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Feb 1, 2021

Author Geoff Williams (C.C. Pyle's Amazing Foot Race: The True Story of the 1928 Coast-to-Coast Run Across America) joins for the stranger-than-fiction story of the cross-country long-distance running event/endurance contest that only the Roarin' 20s could have spawned.
On March 4, 1928, a motley assortment of nearly 200 marathon pros, amateur sports enthusiasts and random publicity-seekers took to the starter's pistol from Los Angeles' Legion Ascot Speedway to begin an incredible 3,423-mile trek (half of it on a brand-new Route 66 highway) to New York's Madison Square Garden as part of the "C.C. Pyle International Transcontinental Foot Race of 1928" dubbed the "Bunion Derby" by the sports press - in pursuit of their share of a combined $48,500 in cash prizes offered by archetypal sports promoter Charles C. ("Cash & Carry") Pyle.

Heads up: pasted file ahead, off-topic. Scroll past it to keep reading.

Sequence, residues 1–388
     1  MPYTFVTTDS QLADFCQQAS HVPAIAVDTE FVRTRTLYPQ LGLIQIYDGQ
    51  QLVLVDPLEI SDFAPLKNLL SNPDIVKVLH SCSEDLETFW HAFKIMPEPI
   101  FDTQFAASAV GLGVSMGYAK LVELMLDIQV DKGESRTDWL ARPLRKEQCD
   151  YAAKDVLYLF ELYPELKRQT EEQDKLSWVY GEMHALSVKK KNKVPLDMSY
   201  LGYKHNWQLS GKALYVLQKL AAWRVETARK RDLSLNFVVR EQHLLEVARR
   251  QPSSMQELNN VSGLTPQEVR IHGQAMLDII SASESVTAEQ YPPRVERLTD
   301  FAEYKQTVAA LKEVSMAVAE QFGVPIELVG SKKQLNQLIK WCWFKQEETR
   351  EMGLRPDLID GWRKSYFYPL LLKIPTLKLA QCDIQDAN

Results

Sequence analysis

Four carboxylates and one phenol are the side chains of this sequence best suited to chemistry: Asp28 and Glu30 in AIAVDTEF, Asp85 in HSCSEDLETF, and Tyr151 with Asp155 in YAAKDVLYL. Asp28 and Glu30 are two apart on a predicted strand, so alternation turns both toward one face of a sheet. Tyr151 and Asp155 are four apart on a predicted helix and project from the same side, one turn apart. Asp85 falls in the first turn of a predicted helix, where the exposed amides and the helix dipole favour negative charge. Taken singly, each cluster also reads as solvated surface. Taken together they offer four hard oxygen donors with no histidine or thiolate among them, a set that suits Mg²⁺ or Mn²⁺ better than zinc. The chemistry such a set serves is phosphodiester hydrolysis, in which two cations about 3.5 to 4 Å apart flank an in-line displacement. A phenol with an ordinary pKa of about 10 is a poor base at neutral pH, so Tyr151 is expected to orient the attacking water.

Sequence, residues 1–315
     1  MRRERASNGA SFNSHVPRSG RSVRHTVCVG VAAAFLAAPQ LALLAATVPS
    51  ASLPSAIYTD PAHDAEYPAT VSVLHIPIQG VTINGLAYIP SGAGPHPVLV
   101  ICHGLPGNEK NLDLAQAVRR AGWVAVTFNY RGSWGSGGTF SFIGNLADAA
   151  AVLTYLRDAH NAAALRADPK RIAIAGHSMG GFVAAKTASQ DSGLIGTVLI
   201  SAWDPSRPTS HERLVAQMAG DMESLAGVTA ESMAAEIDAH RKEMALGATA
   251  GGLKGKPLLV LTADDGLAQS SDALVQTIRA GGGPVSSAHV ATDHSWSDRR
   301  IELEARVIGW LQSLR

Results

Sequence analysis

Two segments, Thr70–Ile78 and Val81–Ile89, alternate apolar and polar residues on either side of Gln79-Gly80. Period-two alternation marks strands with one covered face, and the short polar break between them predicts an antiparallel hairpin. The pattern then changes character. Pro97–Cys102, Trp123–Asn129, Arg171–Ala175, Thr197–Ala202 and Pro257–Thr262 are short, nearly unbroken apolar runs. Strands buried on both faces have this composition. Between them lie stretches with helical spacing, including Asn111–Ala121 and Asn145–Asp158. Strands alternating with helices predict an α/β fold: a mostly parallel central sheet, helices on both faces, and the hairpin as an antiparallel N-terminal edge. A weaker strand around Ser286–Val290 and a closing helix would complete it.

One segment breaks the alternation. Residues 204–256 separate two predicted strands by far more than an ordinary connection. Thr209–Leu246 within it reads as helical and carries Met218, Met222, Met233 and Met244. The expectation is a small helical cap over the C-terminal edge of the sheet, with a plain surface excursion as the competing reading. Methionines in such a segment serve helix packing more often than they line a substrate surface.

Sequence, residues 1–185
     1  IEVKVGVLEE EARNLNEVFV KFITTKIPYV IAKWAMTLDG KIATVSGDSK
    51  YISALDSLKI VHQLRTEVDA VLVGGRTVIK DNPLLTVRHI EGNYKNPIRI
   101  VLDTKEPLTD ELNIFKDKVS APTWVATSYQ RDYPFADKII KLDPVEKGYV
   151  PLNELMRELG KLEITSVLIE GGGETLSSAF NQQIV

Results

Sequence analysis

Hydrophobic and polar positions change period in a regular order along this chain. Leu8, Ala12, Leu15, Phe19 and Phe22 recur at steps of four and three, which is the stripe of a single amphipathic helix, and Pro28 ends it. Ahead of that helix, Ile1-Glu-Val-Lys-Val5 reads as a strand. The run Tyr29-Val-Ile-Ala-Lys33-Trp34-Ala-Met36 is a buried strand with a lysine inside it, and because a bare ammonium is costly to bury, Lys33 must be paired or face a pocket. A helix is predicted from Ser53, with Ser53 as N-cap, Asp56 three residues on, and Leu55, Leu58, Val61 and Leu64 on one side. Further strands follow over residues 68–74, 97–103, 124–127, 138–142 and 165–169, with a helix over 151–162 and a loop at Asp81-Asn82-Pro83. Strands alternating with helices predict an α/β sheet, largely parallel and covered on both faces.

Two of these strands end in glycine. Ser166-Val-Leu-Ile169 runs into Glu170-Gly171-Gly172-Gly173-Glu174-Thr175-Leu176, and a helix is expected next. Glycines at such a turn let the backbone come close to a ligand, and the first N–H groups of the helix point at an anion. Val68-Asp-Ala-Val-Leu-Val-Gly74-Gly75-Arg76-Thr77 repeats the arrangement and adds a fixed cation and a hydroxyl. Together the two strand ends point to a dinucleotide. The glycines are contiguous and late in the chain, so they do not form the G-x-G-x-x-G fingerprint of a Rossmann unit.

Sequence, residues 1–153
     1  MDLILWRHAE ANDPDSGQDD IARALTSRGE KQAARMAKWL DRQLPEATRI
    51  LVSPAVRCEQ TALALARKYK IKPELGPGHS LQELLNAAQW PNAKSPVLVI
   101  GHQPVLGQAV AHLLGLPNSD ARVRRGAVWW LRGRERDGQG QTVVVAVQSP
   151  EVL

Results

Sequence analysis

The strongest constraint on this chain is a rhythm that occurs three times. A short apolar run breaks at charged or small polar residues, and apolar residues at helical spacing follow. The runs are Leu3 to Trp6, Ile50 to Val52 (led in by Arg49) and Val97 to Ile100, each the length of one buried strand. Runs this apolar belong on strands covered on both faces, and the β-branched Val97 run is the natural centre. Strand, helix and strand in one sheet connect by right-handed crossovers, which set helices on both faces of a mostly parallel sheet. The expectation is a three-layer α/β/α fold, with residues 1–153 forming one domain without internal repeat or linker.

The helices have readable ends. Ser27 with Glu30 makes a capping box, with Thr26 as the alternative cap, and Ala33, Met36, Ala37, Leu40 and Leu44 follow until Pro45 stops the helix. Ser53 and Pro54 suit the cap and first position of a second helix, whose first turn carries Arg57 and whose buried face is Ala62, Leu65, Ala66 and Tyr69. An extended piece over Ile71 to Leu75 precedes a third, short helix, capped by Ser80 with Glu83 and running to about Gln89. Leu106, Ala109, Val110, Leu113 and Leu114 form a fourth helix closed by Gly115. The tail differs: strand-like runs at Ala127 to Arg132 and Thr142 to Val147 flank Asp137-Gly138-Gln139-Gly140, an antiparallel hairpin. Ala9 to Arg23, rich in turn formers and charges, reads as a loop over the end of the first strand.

Pyle was the P.T. Barnum of sports promotion, who first came into prominence by convincing collegiate football standout Red Grange to turn pro. Grange helped Pyle make a fortune, which he later parlayed into a similar turn promoting the first professional US tennis tour, converting top amateurs like Suzanne Lenglen.
But it was the transcontinental ultra-marathon concept that would be Pyle's legacy: "It will be the greatest free show ever offered the American public," Pyle boasted. "The runners will go through hundreds of towns, each of which will be assessed for advertising. Thousands will flock to these towns to see the runners. We'll sell them programs and tickets to our traveling side show."

On May 26, just 55 survivors stumbled into the Garden, where a 19-year-old Oklahoma Native American named Andrew Payne crossed the finish line to win - an 84-day journey comprising a total running time of 573 hours, 4 minutes and 34 seconds - a roughly 16-hour lead over second-place finisher John Salo of Passaic, NJ.

The prize money was held up for a week, but was finally doled out by fellow promoter Tex Rickard, who bailed out Pyle from an estimated $150,000 loss on the endeavor.  Incredibly, Pyle came back for a second (and ultimately final) run in 1929 - with similar results.